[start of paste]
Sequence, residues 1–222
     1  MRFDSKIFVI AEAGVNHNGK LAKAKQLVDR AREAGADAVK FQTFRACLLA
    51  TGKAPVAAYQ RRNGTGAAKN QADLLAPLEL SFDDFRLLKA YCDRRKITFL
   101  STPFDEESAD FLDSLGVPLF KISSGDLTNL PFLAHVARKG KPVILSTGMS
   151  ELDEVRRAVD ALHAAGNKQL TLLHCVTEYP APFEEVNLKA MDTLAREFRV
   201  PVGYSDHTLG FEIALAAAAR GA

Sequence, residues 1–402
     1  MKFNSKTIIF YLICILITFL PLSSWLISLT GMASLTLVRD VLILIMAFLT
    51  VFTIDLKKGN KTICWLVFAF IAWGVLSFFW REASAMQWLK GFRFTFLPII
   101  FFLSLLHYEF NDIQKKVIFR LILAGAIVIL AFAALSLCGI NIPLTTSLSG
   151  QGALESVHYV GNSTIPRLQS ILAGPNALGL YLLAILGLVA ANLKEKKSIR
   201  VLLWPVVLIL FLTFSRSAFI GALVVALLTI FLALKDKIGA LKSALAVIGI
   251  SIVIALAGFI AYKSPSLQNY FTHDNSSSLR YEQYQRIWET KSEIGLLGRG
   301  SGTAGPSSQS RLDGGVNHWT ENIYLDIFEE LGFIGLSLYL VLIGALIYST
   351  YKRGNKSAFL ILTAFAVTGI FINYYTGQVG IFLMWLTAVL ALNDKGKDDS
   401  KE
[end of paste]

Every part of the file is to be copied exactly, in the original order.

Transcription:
Sequence, residues 1–222
     1  MRFDSKIFVI AEAGVNHNGK LAKAKQLVDR AREAGADAVK FQTFRACLLA
    51  TGKAPVAAYQ RRNGTGAAKN QADLLAPLEL SFDDFRLLKA YCDRRKITFL
   101  STPFDEESAD FLDSLGVPLF KISSGDLTNL PFLAHVARKG KPVILSTGMS
   151  ELDEVRRAVD ALHAAGNKQL TLLHCVTEYP APFEEVNLKA MDTLAREFRV
   201  PVGYSDHTLG FEIALAAAAR GA

Sequence, residues 1–402
     1  MKFNSKTIIF YLICILITFL PLSSWLISLT GMASLTLVRD VLILIMAFLT
    51  VFTIDLKKGN KTICWLVFAF IAWGVLSFFW REASAMQWLK GFRFTFLPII
   101  FFLSLLHYEF NDIQKKVIFR LILAGAIVIL AFAALSLCGI NIPLTTSLSG
   151  QGALESVHYV GNSTIPRLQS ILAGPNALGL YLLAILGLVA ANLKEKKSIR
   201  VLLWPVVLIL FLTFSRSAFI GALVVALLTI FLALKDKIGA LKSALAVIGI
   251  SIVIALAGFI AYKSPSLQNY FTHDNSSSLR YEQYQRIWET KSEIGLLGRG
   301  SGTAGPSSQS RLDGGVNHWT ENIYLDIFEE LGFIGLSLYL VLIGALIYST
   351  YKRGNKSAFL ILTAFAVTGI FINYYTGQVG IFLMWLTAVL ALNDKGKDDS
   401  KE